That, though, is the fear, not just among aluminium traders but also in both nickel and copper markets, where Russian supply is equally significant.

If metal can't be channelled down traditional sales channels, there will at the very least be a supply bulge before alternative markets can be found.

Financing metal stocks is already challenging as banks navigate fast-changing currency and interest-rate markets. Financing unsold Russian metal would be harder still with many banks also voluntarily self-sanctioning.

It's easy to understand why market participants are starting to sketch out a scenario of mass deliveries to the market of last resort.

It's happened before. LME aluminium stocks mushroomed after the global financial crisis and by March 2013 there were 2.5 million tonnes of inventory in the system categorised as Eastern European or former Soviet Union.


The potential problem facing the LME is that a deluge of Russian metal into its warehouse network would shift the basis of exchange pricing from global to Russian.

Since Russian metal is already trading at discount to LME prices, the logical outcome would be for LME pricing to reflect that discount to the "real" price.

It wouldn't be the first time such a dislocation has been created by the LME's deliverability rules.

Consider the long warehouse load-out queues that dogged the aluminium market in the middle of the last decade. They caused the LME price to trade at a cost-of-queue discount to the physical market, manifest in soaring physical premiums and a split in the "all-in" price.

The LME aluminium market wasn't disorderly in the way that the exchange uses the word to denote a breakdown in trading such as in nickel earlier this year. But it wasn't orderly in terms of the larger supply-chain.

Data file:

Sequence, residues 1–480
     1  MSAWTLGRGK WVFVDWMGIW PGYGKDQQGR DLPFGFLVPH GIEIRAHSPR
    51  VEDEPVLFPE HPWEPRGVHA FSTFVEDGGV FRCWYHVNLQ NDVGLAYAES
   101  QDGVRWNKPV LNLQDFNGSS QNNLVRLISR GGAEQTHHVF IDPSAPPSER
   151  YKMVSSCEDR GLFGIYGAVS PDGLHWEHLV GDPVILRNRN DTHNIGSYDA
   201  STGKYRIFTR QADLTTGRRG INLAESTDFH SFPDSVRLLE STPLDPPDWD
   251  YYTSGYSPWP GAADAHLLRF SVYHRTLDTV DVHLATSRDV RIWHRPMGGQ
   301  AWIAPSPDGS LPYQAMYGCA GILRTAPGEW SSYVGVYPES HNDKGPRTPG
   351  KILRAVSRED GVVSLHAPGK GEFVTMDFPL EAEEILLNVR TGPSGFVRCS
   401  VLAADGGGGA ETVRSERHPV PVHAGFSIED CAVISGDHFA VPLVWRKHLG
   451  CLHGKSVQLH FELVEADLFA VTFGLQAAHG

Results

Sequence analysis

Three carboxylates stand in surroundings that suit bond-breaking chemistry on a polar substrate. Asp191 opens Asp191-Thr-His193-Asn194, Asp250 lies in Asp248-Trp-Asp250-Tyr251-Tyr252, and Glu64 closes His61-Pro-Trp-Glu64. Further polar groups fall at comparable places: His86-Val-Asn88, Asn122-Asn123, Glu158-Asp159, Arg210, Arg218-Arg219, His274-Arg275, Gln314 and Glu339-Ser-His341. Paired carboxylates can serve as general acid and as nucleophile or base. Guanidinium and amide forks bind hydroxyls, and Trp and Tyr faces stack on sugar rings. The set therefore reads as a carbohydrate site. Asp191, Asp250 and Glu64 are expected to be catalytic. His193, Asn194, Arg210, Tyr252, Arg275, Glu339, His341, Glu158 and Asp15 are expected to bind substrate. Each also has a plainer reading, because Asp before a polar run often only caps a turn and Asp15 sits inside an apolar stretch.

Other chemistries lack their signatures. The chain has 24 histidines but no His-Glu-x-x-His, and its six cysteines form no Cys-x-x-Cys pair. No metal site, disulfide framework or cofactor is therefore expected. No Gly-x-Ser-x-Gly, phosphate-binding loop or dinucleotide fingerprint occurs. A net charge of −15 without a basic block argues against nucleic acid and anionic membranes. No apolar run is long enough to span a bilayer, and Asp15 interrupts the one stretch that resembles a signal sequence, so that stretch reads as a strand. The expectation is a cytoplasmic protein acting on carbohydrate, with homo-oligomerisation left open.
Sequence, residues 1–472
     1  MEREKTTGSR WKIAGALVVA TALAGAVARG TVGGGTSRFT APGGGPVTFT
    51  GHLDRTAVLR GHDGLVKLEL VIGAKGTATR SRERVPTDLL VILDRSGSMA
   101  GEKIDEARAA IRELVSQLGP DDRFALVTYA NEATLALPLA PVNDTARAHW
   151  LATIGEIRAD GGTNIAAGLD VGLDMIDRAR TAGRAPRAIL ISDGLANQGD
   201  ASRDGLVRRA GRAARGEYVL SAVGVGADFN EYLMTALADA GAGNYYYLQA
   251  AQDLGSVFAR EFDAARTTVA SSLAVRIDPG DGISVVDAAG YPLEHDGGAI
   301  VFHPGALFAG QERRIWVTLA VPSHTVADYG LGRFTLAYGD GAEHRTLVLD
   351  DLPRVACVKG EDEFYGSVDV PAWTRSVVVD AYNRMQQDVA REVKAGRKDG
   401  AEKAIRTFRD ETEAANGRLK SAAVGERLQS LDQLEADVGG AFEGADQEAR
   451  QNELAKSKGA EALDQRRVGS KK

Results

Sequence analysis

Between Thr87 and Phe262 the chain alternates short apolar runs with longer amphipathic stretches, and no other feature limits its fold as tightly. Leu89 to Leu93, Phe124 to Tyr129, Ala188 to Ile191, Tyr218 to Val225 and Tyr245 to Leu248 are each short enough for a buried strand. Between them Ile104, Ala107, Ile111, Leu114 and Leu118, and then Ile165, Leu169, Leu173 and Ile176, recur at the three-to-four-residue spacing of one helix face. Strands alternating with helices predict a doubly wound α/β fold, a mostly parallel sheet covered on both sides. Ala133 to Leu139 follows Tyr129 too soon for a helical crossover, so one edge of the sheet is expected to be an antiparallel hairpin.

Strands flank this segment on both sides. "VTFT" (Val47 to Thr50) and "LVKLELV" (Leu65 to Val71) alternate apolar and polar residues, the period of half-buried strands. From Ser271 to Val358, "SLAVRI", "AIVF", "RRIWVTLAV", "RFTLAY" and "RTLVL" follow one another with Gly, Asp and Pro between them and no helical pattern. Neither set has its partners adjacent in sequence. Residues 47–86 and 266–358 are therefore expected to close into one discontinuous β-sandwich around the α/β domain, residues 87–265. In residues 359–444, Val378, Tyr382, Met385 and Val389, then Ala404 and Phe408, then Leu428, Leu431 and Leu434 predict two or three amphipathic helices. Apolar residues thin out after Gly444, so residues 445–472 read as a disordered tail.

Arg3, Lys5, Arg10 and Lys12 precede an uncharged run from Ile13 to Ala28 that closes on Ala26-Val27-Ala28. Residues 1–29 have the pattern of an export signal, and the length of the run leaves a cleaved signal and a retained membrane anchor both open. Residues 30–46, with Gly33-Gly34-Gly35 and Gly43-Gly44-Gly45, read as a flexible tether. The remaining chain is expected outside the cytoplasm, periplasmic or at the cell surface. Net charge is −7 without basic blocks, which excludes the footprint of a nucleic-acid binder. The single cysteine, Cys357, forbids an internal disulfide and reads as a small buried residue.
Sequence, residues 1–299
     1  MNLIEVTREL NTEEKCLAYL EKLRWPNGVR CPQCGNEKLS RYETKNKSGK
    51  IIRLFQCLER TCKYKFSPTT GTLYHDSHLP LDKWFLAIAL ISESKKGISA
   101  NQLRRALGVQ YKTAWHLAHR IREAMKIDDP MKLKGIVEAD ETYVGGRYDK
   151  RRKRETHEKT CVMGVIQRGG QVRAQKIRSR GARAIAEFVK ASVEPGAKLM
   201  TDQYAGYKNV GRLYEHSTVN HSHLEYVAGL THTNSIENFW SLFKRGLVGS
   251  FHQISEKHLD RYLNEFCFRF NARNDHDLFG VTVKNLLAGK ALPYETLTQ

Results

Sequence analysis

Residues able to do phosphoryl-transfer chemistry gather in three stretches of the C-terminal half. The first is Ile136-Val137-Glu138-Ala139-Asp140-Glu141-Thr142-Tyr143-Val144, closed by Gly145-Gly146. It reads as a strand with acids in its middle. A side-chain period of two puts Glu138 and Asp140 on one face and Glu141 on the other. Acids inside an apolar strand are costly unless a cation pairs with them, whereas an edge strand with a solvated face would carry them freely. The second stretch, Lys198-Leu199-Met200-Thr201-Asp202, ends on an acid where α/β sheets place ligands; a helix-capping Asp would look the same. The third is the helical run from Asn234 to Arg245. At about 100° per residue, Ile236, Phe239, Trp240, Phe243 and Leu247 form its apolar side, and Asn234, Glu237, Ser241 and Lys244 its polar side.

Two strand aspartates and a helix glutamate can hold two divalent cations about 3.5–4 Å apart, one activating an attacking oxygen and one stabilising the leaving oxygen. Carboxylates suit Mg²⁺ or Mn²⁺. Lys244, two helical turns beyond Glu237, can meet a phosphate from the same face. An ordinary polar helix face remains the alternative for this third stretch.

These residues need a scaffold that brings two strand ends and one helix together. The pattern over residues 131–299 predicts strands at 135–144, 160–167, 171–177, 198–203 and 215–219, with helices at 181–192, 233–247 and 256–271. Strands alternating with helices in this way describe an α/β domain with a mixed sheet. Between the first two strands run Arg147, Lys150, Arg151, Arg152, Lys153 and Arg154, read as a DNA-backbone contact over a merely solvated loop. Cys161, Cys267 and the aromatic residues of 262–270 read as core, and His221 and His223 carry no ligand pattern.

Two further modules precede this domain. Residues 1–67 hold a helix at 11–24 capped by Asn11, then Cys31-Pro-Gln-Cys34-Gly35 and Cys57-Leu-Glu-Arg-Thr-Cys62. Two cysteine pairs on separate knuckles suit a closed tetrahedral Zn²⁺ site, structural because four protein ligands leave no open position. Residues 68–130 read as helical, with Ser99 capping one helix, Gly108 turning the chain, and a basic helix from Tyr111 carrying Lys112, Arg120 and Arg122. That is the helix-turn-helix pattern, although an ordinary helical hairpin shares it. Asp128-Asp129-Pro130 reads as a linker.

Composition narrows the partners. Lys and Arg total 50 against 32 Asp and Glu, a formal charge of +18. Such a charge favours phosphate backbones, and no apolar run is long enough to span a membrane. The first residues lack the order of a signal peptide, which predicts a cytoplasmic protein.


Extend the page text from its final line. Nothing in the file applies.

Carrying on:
Neither the aluminium market nor the LME needs a repeat of this sorry saga, which attracted both a slew of negative headlines and the unwelcome interest of U.S. regulators.


That said, the LME is right to kick the Russian can down the road.

Right now, we don't know how big a problem the self-sanctioning movement poses for Russia's metal producers. The answer will only emerge gradually over the next few weeks as buyers lock in contracts for next year's shipments.

Even then, we won't know how easy or hard it will be for Russian operators to divert exports into other markets, China being just one obvious destination.

It's possible that physical flows will simply reconfigure and there will be no need for physical deliveries to LME warehouses.

It's also possible that the official sanctions net might tighten, particularly if U.S. and European policy-makers see consumers turning away from Russian supply anyway.

There's a lot of variables at work here and the LME is in a difficult position if it tries to pre-empt government sanctions using its own "orderly market" regulations

Best, maybe, to think about asking the entire market about its views on whether to suspend Russian metal.

At some stage.

The opinions expressed here are those of the author, a columnist for Reuters (Editing by David Evans)